Sex Offenders Registered in Alabama Counties
Calhoun County Sex Offenders
Cherokee County Sex Offender Map
Clay County Registered Sex Offenders
Coffee County Sex Offender Map
Colbert County Sex Offender Map
Coosa County Sex Offender Map
County Sex Offender Map
Dekalb County Sex Offender Map
Etowah County Sex Offenders
Fayette County Sex Offender Map
Franklin County Sex Offender Map
Jefferson County Registered Sex Offenders
Jefferson County Wanted Sex Offenders
Lee County, Alabama Sex Offenders List
Madison County Sex Offenders
Marion County Sex Offenders Map
Marshall County Sex Offenders Search
Mobile County Sex Offender Search
Morgan County Sex Offenders
Pickens County Sex Offender Map
Pike County Sex Offender Map
Russell County Sex
Tallapoosa County Sex Offender Search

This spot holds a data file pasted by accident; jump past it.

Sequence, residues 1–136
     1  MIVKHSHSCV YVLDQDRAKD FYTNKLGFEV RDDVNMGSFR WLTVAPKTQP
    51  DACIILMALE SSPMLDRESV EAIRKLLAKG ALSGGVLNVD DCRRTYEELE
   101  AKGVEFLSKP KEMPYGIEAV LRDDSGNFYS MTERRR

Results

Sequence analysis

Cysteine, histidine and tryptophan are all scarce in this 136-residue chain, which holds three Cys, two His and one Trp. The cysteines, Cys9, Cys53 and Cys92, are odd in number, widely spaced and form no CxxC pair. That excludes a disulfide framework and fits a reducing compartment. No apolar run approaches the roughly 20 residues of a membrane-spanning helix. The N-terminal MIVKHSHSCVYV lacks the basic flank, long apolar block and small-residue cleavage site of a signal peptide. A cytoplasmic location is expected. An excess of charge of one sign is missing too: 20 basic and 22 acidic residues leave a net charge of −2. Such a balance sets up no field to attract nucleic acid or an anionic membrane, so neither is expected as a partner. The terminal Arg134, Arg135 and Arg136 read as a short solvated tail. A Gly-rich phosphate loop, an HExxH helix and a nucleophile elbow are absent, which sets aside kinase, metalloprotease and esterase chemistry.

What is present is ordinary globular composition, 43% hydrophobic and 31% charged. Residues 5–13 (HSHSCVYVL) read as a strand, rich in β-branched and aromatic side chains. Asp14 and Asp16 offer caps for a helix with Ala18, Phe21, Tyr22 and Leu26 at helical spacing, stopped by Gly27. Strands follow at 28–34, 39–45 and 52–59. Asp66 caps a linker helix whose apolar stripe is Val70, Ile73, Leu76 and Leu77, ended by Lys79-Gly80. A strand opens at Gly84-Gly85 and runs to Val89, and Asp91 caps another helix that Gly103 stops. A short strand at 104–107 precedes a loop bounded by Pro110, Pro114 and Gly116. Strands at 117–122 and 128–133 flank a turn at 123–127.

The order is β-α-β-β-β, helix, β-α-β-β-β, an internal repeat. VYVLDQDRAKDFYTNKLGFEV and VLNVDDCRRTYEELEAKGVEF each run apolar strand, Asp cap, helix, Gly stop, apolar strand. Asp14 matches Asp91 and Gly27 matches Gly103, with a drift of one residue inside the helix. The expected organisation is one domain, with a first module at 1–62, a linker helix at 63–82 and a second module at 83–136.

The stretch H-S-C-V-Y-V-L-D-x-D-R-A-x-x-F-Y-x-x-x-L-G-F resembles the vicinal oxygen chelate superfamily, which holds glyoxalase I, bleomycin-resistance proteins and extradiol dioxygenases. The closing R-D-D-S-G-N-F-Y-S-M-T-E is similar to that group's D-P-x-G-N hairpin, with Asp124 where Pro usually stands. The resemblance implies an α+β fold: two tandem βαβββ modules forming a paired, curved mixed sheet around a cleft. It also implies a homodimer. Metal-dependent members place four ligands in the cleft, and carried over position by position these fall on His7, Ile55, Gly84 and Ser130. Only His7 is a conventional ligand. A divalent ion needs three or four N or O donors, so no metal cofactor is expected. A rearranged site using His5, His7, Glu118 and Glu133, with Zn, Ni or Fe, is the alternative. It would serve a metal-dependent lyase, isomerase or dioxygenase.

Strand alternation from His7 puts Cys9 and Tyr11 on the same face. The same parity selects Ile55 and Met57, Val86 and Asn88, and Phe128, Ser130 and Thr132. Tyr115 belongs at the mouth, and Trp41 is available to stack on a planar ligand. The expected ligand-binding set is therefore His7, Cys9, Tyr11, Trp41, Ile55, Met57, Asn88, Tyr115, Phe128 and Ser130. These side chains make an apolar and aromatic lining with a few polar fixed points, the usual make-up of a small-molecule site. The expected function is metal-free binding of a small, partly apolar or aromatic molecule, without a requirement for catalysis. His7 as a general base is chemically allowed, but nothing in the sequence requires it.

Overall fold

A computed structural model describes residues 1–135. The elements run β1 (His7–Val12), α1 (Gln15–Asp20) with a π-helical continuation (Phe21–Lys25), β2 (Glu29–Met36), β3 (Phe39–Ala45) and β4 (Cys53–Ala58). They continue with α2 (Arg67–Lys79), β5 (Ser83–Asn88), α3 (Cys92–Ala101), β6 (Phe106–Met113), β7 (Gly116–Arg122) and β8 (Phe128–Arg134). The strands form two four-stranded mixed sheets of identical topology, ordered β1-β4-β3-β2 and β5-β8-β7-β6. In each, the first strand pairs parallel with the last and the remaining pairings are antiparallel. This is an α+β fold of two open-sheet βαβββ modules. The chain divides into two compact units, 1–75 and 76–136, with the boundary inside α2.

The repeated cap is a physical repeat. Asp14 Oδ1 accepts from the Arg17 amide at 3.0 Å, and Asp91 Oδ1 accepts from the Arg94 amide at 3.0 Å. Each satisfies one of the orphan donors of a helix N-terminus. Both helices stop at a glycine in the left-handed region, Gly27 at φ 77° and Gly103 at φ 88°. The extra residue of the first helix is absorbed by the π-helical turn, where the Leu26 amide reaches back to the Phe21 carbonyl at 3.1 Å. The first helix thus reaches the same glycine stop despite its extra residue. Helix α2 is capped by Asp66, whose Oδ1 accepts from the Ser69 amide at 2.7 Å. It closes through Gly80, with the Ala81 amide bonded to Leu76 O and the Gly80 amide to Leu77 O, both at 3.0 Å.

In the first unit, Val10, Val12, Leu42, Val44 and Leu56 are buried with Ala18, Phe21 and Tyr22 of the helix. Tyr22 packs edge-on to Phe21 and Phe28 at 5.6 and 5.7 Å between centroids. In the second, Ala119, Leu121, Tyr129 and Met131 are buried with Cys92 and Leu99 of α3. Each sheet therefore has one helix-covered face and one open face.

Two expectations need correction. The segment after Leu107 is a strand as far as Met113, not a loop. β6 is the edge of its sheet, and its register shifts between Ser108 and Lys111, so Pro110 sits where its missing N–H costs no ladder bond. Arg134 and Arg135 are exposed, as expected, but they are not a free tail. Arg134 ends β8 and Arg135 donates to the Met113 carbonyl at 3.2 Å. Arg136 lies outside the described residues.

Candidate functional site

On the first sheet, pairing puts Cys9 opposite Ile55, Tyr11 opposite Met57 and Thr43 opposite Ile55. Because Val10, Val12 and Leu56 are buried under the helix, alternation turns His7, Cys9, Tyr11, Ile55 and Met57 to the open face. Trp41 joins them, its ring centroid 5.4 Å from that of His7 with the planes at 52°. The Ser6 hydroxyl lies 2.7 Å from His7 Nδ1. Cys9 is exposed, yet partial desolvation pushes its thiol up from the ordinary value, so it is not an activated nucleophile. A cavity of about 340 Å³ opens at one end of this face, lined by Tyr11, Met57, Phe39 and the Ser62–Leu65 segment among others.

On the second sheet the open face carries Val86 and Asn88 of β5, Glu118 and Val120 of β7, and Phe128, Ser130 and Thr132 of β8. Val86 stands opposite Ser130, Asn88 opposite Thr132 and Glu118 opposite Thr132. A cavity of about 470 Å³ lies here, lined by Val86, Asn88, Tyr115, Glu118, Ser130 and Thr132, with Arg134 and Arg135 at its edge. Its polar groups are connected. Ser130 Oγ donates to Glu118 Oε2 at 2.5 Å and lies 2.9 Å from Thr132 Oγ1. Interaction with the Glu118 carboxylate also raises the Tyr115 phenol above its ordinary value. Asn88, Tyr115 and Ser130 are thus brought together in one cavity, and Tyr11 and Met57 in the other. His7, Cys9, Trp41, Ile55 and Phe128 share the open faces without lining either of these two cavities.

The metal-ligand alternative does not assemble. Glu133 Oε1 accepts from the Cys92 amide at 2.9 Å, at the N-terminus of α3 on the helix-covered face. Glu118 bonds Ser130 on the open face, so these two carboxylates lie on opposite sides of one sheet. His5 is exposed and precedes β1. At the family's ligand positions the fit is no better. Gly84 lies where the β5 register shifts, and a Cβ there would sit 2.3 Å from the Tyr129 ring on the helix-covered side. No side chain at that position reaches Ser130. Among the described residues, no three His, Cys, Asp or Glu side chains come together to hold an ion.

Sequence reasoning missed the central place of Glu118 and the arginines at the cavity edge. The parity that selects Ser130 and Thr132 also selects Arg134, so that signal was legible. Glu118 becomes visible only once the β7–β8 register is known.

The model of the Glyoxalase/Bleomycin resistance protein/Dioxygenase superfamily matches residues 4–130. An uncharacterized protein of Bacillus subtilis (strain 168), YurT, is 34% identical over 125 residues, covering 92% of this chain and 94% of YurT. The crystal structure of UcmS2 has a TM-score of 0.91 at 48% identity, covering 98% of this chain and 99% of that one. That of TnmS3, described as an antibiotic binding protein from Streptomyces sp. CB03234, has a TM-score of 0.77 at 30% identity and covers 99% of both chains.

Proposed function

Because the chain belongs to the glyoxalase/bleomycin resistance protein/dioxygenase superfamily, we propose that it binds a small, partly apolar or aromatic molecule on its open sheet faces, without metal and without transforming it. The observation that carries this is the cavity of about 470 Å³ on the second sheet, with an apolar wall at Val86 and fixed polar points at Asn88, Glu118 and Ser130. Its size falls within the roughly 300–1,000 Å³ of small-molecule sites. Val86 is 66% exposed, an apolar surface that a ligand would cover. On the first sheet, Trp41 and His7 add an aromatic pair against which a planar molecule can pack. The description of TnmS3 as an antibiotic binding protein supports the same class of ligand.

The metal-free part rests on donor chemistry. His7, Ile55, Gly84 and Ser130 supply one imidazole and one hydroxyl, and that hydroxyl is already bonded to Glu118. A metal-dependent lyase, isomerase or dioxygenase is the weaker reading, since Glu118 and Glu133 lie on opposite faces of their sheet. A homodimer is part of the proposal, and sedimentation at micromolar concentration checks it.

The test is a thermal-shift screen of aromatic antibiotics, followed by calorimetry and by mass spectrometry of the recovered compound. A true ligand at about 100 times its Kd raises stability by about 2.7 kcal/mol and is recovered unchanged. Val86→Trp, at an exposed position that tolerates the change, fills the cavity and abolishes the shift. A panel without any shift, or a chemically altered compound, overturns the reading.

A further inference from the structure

Tuscaloosa County Sex Offenders Search
Sex Offenders Registered in Alabama Cities
Boaz Local Registered Sex Offenders
Hoover Police Department Registered Sex Offenders
Northport, Alabama Sex Offenders
Prattville Registered Sex Offenders List
City of Prattville, AL.
For State Index See: Sex Offender Search
link? Did we miss a sex offender site?
Alabama Sex Offenders In The News
Media General News Service
Published: February 10, 2009 in the
Alabama Lawmaker Wants to Castrate Pedophiles
More than three million American children are victims of child
molestation - that’s according to the Child Molestation Prevention
Almost half were violated by repeat offenders.
Now, Talladega County Representative Steve Hurst of Munford wants to
surgically castrate convicted pedophiles older than 21 who’s victims are
younger than twelve years old.